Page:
Spike rose and stood, his hands tight-clenched, and though he tried to frown, he couldn’t hide the pitiful twitching of his lips nor the quaver in his voice.
“I guess you mean you’re goin’ t’ give me th’ throw-down?”
“Well,” answered the Spider, scowling at the sponge in his hand, “there’s jest two or three things as I ain’t got no use for, an’ one of ’em’s—murder!”
Hereupon Spike shrank away, and the Old Un, reaching out stealthily, opened the door of the limousine while the Spider fell to work again, splashing more than ever. Thus as Spike crept away with head a-droop, the Old Un, all unnoticed, stole after him, his old eyes very bright and birdlike, and, as he followed, keeping in the shade of hedge and tree as much as possible, he whispered a word to himself over and over again:
But Spike went on with dragging feet, ignorant that any one followed, lost in a sudden sense of shame such as he had never known before—a shame that was an agony: for though his bodily eyes were blinded with bitter tears, the eyes of his mind were opened wide at last, and he saw himself foul and dirty, even as the Spider had said. So on stumbling feet Spike reached a shady, grassy corner remote from all chance of observation and, throwing himself down there, he lay with his face hidden, wetting the grass with the tears of his abasement.
When at last he raised his head, he beheld a little old man leaning patiently against a tree near by and watching him with a pair of baleful eyes.
“Hello!” said Spike wearily. “Who are you?”
“I’m Fate, I am!” nodded the Old Un. “Persooin’ Fate, that’s me.”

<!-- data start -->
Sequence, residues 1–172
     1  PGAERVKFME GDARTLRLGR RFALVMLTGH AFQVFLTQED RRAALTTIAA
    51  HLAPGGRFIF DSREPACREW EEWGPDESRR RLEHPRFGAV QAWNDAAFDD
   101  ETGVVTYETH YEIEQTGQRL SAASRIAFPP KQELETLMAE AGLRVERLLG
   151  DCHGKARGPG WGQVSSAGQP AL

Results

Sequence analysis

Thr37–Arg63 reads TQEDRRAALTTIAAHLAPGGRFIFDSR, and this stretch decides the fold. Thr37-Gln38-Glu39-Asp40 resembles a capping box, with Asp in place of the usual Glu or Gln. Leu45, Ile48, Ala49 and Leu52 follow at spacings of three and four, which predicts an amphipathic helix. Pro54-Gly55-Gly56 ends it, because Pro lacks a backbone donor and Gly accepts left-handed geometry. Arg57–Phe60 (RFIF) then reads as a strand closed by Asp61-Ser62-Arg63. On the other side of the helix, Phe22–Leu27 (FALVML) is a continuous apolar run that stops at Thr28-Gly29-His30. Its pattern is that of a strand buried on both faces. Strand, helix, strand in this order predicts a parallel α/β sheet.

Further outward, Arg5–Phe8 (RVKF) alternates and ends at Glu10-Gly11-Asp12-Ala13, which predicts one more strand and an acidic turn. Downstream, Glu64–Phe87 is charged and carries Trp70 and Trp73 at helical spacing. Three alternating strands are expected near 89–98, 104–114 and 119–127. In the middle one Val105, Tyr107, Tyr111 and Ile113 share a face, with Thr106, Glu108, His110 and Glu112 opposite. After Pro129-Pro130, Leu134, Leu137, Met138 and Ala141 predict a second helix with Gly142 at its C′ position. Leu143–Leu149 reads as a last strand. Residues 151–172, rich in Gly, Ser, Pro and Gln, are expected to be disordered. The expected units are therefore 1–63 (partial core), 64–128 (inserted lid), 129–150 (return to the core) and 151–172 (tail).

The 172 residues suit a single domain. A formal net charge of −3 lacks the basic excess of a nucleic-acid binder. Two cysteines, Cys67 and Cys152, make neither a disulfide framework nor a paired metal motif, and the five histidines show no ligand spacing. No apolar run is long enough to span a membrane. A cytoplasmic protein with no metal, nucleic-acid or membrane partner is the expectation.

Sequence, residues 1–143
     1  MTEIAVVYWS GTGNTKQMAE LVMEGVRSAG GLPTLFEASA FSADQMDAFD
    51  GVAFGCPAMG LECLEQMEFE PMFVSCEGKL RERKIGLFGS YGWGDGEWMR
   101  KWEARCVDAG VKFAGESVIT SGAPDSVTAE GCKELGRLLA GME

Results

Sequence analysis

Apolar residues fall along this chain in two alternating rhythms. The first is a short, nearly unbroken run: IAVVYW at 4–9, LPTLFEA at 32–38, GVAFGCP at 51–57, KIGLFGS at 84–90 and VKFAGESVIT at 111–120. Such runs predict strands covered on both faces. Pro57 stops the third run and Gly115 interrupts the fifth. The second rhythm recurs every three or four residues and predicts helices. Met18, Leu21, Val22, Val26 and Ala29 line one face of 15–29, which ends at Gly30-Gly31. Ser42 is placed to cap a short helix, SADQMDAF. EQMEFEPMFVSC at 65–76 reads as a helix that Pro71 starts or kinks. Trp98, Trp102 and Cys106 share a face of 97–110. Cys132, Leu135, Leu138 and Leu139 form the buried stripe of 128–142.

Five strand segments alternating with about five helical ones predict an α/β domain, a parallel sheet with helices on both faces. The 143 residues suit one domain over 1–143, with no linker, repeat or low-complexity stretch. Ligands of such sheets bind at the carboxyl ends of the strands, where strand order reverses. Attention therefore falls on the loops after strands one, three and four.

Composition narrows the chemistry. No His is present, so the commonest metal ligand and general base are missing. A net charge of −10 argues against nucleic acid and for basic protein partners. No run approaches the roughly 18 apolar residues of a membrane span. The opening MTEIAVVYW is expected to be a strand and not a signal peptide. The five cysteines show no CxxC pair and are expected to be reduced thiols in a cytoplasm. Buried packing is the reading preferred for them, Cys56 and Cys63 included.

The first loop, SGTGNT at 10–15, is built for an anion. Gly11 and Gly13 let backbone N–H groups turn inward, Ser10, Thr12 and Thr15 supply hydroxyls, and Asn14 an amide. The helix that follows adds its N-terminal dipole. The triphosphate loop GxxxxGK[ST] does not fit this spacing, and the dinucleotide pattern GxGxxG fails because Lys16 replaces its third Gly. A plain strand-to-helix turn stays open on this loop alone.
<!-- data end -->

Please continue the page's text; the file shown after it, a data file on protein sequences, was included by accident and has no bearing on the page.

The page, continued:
“What yer here for, anyway?” enquired the lad, humble in his abasement.
“I’m here to persoo!”
“Say, now, what’s your game; what yer want?”
“I want you, me lad.”
“Well, say—beat it, please—I want t’ be alone.”
“Not much, me lad. I’m Fate, I am, an’ when Fate comes up agin murder, Fate ain’t t’ be shook off.”
“Murder!” gasped Spike. “Oh, my God! I—I ain’t—”
The lad sprang to his feet and was running on the instant, but turning to glance back, tripped over some obstacle and fell. Swaying he rose and stumbled on, but slower now by reason of the pain in his wounded arm. Thus, when at last he came out upon the road, the Old Un was still close behind him.
IN WHICH GEOFFREY RAVENSLEE OBTAINS HIS OBJECT
Mrs. Trapes glanced sadly around her cosy housekeeper’s room and sighed regretfully; she was alone, and upon the table ready to hand lay her neat bonnet, her umbrella, and a pair of white cotton gloves, beholding which articles her lips set more resolutely, her bony arms folded themselves more tightly, and she nodded in grim determination.
“The labourer is worthy of his hire!” she sighed, apparently addressing the bonnet, “but, if so be the labourer ain’t worthy, why then, the sooner he quits—”